January 4, 2001 - Doctors Treat Drunken Drivers Every Day, Committee Told
One doctor tells members of the Rhode Island Highway Safety Coalition that confidentiality laws and fear of lawsuits discourage doctors from reporting drunken-driving cases to the police.
PROVIDENCE - Emergency-room doctors and nurses say they treat drunken drivers all the time but they don't alert authorities because of confidentiality laws and the fear of lawsuits.
"One physician summed it up best when he said it's almost a daily occurrence," said Dr. Michael J. Mello, a Miriam Hospital emergency-room physician and co-director of the Injury Prevention Center.
"I think this is a problem," Mello told fellow members of the Rhode Island Highway Safety Coalition yesterday. Fixing the problem has become an urgent matter following a Dec. 20 state Supreme Court decision, which prohibits prosecutors from using alcohol or drug tests taken without consent in felony cases.
Governor Almond is calling for the General Assembly to pass legislation that directly addresses the court's ruling. "Where there is evidence of drunken driving, law enforcement officials should be able to seek a search warrant to obtain a blood test wherever it is constitutionally permissible," he said.
Almond also wants to make it easier for medical workers to tell authorities about drunken drivers. "We need to remove the barriers to obtaining blood tests and other evidence from health-care professionals," the governor said.
Lawmakers are weighing proposals that would allow doctors to notify either the police or the state Division of Motor Vehicles when they treat impaired drivers.
Yesterday, Mello said preliminary results of a survey show that doctors are reluctant to notify police because they don't want to violate doctor-patient confidentiality laws and they don't want to get drawn into legal proceedings.
"We have all dealt with the court system, and no one wants to go before trial lawyers," who often make impossible demands about blood sample procedures, Mello said. But preliminary results show that at least two-thirds of doctors are willing to notify the Division of Motor Vehicles' medical review board when they treat a driver who is impaired by alcohol, Mello said.
Doctors would fill out a form and send it to the DMV medical board, which would have the power to revoke a driver's license, he said. Doctors would thereby avoid the court appearances that can accompany criminal proceedings, he said. Connecticut has had a similar system since 1996, Mello said. "It's something we could easily do here," he said.
But other coalition members urged caution. William D. Ankner, director of the state Department of Transportation, asked whether some Connecticut residents are not seeking medical attention when they are intoxicated because they fear losing their license.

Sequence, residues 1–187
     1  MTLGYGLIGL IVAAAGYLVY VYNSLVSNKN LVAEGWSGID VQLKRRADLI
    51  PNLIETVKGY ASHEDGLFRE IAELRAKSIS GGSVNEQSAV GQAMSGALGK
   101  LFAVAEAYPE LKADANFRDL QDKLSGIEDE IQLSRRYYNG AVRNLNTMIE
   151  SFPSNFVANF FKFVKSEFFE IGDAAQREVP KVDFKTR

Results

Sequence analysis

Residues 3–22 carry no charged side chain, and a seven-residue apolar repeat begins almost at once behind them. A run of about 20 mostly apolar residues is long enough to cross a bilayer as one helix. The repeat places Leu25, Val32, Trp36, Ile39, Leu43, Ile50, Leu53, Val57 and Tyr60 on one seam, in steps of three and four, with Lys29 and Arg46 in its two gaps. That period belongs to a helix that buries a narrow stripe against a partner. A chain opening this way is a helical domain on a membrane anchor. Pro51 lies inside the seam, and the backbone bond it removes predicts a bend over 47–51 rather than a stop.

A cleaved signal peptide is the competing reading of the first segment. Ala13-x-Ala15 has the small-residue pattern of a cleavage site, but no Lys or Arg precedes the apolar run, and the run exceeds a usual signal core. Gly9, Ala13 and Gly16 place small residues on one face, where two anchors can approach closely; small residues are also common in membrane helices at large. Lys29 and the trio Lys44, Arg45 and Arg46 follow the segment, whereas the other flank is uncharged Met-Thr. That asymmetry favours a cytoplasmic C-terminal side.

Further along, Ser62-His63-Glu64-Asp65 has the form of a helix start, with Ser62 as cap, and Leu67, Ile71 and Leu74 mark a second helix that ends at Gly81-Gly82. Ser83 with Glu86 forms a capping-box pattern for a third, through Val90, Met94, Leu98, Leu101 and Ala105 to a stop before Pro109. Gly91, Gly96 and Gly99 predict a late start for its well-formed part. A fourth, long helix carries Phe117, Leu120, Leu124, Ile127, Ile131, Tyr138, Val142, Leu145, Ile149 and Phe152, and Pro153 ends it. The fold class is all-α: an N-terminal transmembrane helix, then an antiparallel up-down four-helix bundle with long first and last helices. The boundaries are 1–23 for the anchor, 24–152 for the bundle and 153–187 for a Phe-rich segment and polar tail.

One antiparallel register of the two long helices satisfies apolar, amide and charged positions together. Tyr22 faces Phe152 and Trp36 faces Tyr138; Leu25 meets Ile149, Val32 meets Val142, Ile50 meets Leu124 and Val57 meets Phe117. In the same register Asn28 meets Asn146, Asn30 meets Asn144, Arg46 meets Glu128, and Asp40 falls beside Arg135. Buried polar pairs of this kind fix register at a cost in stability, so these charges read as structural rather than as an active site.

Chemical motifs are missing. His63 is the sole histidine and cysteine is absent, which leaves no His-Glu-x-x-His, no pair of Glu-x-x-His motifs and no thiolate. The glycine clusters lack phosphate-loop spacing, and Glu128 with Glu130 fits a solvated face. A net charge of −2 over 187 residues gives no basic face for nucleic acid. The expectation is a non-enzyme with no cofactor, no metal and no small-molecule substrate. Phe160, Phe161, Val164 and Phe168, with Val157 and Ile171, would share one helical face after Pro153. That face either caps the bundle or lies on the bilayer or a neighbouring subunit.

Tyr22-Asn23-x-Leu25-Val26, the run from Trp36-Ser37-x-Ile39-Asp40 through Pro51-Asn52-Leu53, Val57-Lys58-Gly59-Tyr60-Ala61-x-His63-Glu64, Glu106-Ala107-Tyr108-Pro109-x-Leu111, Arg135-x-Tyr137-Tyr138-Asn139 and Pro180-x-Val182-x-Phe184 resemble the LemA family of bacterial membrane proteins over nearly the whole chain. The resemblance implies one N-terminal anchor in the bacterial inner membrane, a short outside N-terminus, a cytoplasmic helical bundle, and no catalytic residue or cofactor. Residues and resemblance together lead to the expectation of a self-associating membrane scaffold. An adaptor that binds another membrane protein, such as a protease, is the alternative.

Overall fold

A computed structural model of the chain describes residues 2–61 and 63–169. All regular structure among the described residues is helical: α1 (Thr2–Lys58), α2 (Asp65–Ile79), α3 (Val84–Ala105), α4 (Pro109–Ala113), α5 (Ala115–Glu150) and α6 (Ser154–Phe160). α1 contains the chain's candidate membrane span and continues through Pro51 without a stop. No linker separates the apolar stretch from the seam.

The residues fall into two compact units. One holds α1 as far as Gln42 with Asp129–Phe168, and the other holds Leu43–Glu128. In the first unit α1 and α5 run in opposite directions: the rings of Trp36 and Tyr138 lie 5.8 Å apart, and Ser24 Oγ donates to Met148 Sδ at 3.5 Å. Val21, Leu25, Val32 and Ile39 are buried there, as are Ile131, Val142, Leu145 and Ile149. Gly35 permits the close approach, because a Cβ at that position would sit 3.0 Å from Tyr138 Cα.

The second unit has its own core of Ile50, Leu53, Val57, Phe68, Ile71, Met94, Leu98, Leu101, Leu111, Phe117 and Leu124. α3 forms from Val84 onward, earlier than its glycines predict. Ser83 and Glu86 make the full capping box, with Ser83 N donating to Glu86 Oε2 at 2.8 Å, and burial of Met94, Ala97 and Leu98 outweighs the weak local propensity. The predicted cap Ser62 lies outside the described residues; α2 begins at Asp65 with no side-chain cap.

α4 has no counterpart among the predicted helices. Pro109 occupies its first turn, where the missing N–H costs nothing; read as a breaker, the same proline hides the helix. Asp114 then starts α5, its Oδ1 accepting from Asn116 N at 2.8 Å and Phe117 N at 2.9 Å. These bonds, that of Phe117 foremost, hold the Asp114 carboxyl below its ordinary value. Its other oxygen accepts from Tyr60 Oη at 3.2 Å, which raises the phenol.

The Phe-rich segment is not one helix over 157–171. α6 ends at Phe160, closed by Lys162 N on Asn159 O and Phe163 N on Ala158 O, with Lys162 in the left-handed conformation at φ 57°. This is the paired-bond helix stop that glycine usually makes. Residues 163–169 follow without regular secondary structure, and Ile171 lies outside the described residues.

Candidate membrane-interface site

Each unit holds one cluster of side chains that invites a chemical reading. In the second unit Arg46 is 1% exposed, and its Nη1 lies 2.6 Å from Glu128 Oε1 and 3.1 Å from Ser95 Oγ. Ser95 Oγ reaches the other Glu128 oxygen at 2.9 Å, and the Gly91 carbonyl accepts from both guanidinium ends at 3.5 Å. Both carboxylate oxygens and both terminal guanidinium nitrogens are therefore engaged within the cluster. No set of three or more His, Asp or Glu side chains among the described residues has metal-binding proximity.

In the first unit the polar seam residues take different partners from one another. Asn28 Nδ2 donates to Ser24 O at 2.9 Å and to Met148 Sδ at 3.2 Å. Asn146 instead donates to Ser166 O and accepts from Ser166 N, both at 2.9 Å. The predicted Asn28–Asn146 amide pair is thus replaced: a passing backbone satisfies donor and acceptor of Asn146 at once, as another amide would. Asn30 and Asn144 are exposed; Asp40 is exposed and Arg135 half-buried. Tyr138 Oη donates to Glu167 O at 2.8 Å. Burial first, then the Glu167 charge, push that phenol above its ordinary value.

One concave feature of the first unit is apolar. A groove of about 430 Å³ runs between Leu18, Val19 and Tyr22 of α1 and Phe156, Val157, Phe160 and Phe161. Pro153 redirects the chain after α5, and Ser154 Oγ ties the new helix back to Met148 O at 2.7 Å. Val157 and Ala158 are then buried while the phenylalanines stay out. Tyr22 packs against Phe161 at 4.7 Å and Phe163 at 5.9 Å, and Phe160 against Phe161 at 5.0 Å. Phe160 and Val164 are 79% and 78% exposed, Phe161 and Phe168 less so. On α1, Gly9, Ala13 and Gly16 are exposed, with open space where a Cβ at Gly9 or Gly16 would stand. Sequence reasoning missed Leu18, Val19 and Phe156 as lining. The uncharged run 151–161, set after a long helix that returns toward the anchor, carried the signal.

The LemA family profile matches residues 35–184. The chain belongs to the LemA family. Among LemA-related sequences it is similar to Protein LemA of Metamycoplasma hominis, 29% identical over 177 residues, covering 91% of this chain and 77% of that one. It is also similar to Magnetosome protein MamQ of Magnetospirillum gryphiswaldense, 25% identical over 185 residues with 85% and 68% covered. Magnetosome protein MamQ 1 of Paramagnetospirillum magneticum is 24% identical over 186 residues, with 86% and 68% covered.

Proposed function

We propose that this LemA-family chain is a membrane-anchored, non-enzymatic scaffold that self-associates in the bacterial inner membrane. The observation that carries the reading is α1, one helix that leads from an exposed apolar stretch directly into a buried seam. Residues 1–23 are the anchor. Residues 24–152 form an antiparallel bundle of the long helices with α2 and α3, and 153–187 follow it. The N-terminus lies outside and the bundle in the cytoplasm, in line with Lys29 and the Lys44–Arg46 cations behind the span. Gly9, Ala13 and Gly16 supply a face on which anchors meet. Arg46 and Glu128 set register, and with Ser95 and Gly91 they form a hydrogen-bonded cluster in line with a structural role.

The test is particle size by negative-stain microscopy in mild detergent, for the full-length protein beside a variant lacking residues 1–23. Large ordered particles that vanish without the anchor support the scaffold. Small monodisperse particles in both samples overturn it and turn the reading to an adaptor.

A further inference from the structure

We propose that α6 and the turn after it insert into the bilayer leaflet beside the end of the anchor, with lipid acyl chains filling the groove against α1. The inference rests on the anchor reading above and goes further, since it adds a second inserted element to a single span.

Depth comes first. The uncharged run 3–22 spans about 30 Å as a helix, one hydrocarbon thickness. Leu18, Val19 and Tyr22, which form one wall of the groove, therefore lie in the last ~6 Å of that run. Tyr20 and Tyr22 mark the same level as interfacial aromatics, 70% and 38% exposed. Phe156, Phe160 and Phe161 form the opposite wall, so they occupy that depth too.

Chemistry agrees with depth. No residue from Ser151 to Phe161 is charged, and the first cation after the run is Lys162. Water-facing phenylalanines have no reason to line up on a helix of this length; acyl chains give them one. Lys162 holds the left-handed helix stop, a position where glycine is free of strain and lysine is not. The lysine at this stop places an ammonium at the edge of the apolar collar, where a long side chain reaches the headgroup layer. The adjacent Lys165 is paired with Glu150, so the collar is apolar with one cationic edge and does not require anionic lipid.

Also, several coalition members said it's not enough to just punish drunken drivers the state must also expand treatment programs. Cathy Fanning, nurse manager at the Rhode Island Hospital Emergency Department, said her department treats more than 300 intoxicated people per month. "For some, we can find treatment, but for others, they go back on the street," she said.
David Russell, executive director of the Rhode Island chapter of Mothers Against Drunk Drivers, said, "We need more money for treatment facilities. Otherwise, it will fail because there's no place to go."
State Rep. Peter T. Ginaitt, a Warwick Democrat and coalition member, plans to submit a bill that would require health-care workers to notify police when they treat a drunken driver involved in a serious crash. The bill would provide those doctors and nurses with immunity from civil liability, he said.
After yesterday's meeting, Ginaitt said he wasn't surprised that doctors are reluctant to report drunken drivers to police, and he is willing to amend his proposal. "I may submit the bill as it stands and open it up to dialogue," he said.
While the court decision has spurred discussion about drunken driving, the Traffic Safety Coalition is still focused on its No. 1 priority: a bill that would allow police to pull drivers over for failing to wear a seat belt. Now, motorists can only be fined for seat-belt violations if they're stopped for other reasons.
A similar proposal failed to pass the legislature last year, but Almond is pushing for it again, saying seat-belt use would increase by 12 to 15 percent. Ginaitt, a rescue lieutenant in the Warwick Fire Department, also urged passage, saying, "As a practitioner on the streets, I know lives will be saved and injuries will be avoided."
In all automobile accident cases it is essential that measures be taken promptly to preserve evidence, investigate the accident in question, and to enable physicians or other expert witnesses to thoroughly evaluate any injuries. If you or a loved one is a victim of an automobile accident involving a drunk driver, call now at or CLICK HERE TO SUBMIT A SIMPLE CASE FORM. The initial consultation is free of charge, and if we agree to accept your case, we will work on a contingent fee basis, which means we get paid for our services only if there is a monetary award or recovery of funds. Don't delay! You may have a valid claim and be entitled to compensation for your injuries, but a lawsuit must be filed before the statute of limitations expires.